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Robert - host, on June 10, 2020 @12:17 pm PST
With transposition, you have to do whatever works!
Elo * VSM MEMBER * on June 10, 2020 @4:20 pm PST
Back in 1985 I was hired to play Brandenburgs IV and II in celebration of Bach's 300th birthday. For one of the concerts the trumpet player couldn't make it...we were playing Brandenburg II for a couple hundred school kids. I told the head teacher "I can play the trumpet part on alto recorder by making believe the alto is a soprano and using those fingerings." (As I played the trumpet part, another flute player covered the recorder part.) It worked fine..of course there was a bit of volume lost, but the notes were all ok. It was a hoot..You do what needs doing (and hopefully succeed!)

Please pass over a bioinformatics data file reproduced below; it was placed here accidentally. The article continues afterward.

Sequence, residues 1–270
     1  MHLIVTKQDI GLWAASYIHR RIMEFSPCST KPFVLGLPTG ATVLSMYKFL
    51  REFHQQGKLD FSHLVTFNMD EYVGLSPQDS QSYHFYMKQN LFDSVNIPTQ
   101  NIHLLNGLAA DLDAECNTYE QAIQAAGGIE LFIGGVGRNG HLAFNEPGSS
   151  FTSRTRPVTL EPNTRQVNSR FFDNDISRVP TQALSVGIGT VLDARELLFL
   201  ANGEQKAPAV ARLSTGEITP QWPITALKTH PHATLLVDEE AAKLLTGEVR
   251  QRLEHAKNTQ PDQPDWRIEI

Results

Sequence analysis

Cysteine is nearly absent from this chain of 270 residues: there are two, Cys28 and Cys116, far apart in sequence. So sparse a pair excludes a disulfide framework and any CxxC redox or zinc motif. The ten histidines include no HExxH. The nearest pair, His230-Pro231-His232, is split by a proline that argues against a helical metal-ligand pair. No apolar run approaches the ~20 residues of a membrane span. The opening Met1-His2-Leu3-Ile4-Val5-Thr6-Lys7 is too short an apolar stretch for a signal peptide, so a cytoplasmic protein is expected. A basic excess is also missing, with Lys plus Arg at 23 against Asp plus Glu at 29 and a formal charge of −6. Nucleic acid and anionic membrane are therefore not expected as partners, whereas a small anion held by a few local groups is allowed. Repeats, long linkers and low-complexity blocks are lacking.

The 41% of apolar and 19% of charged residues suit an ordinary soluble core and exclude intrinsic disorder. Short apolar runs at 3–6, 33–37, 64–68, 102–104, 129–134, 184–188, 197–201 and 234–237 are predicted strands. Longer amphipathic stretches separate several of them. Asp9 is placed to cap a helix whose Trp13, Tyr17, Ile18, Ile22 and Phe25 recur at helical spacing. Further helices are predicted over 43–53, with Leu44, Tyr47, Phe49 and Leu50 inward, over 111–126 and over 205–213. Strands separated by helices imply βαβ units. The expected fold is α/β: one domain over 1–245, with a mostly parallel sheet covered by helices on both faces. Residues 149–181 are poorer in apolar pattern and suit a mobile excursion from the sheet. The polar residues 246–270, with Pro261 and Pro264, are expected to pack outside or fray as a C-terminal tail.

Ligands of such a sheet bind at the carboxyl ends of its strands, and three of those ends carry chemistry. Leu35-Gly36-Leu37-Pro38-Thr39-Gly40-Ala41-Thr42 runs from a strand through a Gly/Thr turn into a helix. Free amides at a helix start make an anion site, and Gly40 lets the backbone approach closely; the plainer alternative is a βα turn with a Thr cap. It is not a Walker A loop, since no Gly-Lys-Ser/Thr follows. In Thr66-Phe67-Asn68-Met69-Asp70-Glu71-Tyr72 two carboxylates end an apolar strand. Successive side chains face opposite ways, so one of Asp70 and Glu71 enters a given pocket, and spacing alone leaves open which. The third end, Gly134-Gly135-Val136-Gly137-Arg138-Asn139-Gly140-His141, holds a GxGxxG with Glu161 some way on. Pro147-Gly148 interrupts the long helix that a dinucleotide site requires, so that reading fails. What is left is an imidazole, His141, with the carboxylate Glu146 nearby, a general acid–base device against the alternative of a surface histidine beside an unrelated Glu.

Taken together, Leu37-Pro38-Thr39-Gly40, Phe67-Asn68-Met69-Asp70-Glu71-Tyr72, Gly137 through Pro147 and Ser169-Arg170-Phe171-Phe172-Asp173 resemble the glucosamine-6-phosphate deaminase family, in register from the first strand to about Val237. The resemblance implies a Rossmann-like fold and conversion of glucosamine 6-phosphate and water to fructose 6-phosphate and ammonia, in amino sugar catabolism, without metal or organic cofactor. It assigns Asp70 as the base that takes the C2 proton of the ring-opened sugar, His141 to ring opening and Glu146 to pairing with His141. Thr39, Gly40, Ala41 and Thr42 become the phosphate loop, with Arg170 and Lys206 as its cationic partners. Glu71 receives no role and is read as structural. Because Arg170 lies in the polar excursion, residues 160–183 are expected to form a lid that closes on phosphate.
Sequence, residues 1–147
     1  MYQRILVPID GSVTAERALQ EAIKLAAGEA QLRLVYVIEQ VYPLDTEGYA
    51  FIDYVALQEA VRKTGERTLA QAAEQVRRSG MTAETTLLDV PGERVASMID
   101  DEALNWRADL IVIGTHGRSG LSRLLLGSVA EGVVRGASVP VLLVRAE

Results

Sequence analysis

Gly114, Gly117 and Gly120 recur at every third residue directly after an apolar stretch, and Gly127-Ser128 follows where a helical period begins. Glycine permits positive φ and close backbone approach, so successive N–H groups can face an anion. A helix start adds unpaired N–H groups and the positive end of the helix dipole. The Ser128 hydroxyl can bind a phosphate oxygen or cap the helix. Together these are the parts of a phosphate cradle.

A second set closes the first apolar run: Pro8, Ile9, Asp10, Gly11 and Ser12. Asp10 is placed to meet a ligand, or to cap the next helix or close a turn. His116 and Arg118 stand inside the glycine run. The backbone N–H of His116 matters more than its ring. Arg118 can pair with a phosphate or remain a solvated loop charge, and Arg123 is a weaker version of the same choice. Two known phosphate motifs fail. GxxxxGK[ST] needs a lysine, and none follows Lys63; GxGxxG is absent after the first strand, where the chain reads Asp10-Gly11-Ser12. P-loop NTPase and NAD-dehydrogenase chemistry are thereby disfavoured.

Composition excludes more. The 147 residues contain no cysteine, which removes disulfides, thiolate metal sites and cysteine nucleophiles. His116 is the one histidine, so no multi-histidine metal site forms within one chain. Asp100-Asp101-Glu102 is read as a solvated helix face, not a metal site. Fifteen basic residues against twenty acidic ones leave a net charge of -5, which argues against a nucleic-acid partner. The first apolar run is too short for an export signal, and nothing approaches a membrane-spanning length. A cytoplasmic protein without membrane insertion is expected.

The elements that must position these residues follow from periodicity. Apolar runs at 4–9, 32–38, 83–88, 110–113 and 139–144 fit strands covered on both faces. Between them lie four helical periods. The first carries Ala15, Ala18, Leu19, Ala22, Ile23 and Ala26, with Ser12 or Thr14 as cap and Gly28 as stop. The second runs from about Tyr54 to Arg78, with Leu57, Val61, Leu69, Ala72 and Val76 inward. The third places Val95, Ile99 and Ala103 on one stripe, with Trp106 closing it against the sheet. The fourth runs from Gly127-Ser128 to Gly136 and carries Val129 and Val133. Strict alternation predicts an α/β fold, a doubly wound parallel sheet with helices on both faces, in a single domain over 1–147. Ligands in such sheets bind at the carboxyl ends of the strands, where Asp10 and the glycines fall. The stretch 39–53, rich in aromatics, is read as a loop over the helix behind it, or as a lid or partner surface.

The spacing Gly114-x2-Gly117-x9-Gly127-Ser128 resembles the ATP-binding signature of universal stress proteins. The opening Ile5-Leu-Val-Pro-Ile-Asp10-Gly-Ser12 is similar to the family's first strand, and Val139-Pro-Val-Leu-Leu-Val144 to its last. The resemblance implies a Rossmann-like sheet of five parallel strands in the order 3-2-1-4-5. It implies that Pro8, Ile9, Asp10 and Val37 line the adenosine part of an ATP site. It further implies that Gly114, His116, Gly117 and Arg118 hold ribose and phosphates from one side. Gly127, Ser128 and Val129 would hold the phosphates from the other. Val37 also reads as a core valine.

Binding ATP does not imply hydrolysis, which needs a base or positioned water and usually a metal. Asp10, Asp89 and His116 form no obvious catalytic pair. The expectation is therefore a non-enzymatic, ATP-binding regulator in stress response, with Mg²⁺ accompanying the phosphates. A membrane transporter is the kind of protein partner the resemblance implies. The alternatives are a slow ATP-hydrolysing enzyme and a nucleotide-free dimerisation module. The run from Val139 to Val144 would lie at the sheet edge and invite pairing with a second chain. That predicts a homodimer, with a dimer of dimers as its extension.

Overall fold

Fulvia * VSM MEMBER * on June 3, 2020 @5:49 pm PST
This lecture put a grin on my face, because of a specific memory when a was a teenager. I bought the piano version of the "Va Pensiero" from Nabucco. When I got home to my horror I found that it was written in F sharp. Not my favorite key. Simple solution. I instantly transcribed it in F Major. Mother, the pianist, must have heard the difference from the kitchen, came in the living room, looked at the music, then looked at my hands and I won't repeat what she said! To this day I still play it in F Major.
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Robert - host, on June 3, 2020 @7:37 pm PST
That's a great story. I think most people would be safe unless they have mother's with perfect pitch!